Dr. Teitelbaum's caring
attitude and unparalleled academic training have prepared him to offer you the finest in aesthetic surgery.
high school at the prestigious Harvard School, he studied anatomy and physiology at U. C. Berkeley, where he was valedictorian and
graduated with high honors. He went to medical school at the UCLA School of Medicine, where he continued the basic science research
projects that he had started while at Berkeley.
He then studied general surgery at Harvard Medical School's Beth Israel
Hospital, where he served as Chief Resident. While credentialing in plastic surgery requires only a mere three prerequisite years of this
training, Dr. Teitelbaum completed an entire training program in general surgery, and has been recognized for this by also being certified
by the American Board of Surgery.
Training was completed with a plastic surgery residency at the University of Southern
Dr. Teitelbaum is certified by the American Board of Plastic Surgery, the only board recognized to credential
plastic surgeons. He is a member of many professional societies, including the American Society of Plastic Surgeons, the American Society
of Aesthetic Plastic Surgery, the International Society of Ultrasonic Surgeons, the California Society of Plastic Surgeons, and many
He also is actively involved in these societies, serving as current co-chair of the Legislative Affiairs Committee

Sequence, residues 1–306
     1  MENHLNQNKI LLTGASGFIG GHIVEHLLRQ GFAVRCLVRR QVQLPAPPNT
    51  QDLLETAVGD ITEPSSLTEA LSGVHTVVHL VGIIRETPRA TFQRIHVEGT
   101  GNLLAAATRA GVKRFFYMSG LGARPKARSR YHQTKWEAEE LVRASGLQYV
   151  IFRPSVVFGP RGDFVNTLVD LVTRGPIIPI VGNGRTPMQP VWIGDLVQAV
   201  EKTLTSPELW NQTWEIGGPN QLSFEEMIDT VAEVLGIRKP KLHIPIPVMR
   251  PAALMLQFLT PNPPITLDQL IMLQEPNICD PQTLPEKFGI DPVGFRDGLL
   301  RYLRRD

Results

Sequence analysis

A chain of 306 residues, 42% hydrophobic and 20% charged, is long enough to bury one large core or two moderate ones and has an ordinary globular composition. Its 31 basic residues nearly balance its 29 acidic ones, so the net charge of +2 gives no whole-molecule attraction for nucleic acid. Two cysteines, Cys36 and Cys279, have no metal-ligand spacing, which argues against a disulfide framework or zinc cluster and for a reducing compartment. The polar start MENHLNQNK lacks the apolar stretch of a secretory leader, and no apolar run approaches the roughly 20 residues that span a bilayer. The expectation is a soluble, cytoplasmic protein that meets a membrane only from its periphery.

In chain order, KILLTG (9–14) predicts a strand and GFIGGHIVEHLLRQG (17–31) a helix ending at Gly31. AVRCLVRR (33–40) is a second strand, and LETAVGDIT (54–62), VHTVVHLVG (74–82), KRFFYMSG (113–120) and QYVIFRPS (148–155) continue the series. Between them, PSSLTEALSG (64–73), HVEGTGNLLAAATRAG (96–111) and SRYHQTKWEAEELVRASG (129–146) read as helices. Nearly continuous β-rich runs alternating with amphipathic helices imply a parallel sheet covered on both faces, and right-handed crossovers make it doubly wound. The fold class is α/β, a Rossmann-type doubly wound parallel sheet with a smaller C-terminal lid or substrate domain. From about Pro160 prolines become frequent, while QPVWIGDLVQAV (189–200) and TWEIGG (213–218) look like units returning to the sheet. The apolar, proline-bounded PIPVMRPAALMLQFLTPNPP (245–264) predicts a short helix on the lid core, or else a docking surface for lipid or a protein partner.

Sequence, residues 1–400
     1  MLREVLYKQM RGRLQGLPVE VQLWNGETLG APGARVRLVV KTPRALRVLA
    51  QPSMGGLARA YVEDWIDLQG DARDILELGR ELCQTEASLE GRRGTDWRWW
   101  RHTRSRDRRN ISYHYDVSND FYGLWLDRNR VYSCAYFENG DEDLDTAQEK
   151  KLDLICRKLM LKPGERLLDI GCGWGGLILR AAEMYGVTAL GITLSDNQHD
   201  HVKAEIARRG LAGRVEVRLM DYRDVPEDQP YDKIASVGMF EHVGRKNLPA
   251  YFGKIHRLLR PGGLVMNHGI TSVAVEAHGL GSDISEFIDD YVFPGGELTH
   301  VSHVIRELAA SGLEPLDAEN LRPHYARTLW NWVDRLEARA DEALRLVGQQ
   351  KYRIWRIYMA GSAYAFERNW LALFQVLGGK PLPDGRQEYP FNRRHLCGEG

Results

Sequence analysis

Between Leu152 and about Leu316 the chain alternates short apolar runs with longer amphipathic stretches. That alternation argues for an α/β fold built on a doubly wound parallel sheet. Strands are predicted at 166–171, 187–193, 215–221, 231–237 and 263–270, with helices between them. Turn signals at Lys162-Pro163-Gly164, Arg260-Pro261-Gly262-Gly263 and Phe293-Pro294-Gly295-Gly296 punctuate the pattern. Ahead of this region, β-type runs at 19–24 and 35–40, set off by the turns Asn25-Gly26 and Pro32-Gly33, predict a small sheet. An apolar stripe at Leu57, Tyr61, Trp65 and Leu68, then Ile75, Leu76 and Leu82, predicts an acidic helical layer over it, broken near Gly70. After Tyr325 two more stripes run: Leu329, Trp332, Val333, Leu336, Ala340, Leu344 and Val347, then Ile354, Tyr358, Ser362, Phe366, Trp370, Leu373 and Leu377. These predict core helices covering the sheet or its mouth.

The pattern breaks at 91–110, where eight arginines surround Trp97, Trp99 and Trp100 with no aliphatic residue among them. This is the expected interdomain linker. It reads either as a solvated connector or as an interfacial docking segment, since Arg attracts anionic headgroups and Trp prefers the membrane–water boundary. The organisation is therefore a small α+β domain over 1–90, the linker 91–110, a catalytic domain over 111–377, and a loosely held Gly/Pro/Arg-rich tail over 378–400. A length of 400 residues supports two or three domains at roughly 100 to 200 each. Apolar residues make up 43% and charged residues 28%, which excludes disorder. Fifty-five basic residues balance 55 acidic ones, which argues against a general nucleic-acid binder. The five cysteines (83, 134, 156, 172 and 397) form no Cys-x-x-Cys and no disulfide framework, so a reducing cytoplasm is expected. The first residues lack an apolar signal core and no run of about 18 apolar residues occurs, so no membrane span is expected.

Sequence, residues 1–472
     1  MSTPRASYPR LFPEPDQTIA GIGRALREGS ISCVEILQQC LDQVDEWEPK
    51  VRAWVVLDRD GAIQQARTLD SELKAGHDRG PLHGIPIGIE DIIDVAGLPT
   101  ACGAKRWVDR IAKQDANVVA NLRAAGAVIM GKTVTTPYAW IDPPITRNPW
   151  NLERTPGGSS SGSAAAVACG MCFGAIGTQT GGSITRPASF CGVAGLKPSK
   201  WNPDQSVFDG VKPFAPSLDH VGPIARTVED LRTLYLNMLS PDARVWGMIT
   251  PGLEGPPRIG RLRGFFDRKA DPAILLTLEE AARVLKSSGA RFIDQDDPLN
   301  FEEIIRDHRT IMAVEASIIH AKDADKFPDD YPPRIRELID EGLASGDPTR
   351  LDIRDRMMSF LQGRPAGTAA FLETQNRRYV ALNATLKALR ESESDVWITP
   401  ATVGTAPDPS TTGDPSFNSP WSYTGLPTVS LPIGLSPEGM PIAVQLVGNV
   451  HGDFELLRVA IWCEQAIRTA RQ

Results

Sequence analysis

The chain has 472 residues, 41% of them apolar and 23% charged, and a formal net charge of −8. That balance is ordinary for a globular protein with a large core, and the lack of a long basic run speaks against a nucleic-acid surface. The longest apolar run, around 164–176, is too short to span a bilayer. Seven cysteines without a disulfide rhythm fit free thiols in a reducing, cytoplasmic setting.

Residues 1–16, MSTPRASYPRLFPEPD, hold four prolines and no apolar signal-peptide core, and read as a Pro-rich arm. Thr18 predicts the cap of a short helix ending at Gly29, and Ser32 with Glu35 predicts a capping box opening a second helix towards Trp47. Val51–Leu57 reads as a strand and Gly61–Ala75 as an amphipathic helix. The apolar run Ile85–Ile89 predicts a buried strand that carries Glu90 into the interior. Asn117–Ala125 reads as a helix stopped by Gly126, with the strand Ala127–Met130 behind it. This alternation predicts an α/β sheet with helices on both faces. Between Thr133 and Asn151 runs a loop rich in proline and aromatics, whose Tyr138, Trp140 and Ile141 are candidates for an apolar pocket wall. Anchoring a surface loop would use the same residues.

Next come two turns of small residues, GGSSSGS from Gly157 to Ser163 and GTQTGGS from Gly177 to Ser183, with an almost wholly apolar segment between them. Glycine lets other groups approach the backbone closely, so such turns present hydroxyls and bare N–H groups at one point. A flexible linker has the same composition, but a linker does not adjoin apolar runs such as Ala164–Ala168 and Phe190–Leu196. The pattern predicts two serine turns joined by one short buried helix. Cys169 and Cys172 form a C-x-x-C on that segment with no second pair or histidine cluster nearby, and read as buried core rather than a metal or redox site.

of the California Society, as well as a member of the Ethics Committee. He also serves on the legislative committees of ASPS and ASAPS.
Dr. Teitelbaum is frequently asked to appear and comment in the media on plastic surgery. He has recently been quoted in the
New York Times , the Los Angeles Times , the Times of London , Allure , Vogue , and many others. Television appearances have included the
CBS Evening News , Inside Edition , multiple local news channels, and many more.
He is also actively involved in medical
research, and has recently participated in a very limited clinical trial of a new type of breast implant.
In his personal
life, Dr. Teitelbaum is a photographer, pianist, and triathlete.
word from Dr. Teitelbaum MD FACS:
Because aesthetic surgery is voluntary, and arguably even frivolous, I believe a unique burden is
placed upon the doctor - and the patient - to be safe, prudent, and conservative. Though no plastic surgeon would openly disagree with that
statement, I adhere to it stronger than most. It guides my philosophy from my lengthy initial consultations, to successive pre-operative
contacts, to the techniques I use, and finally my post-operative and on-going care. I am distraught by what I see as an increasingly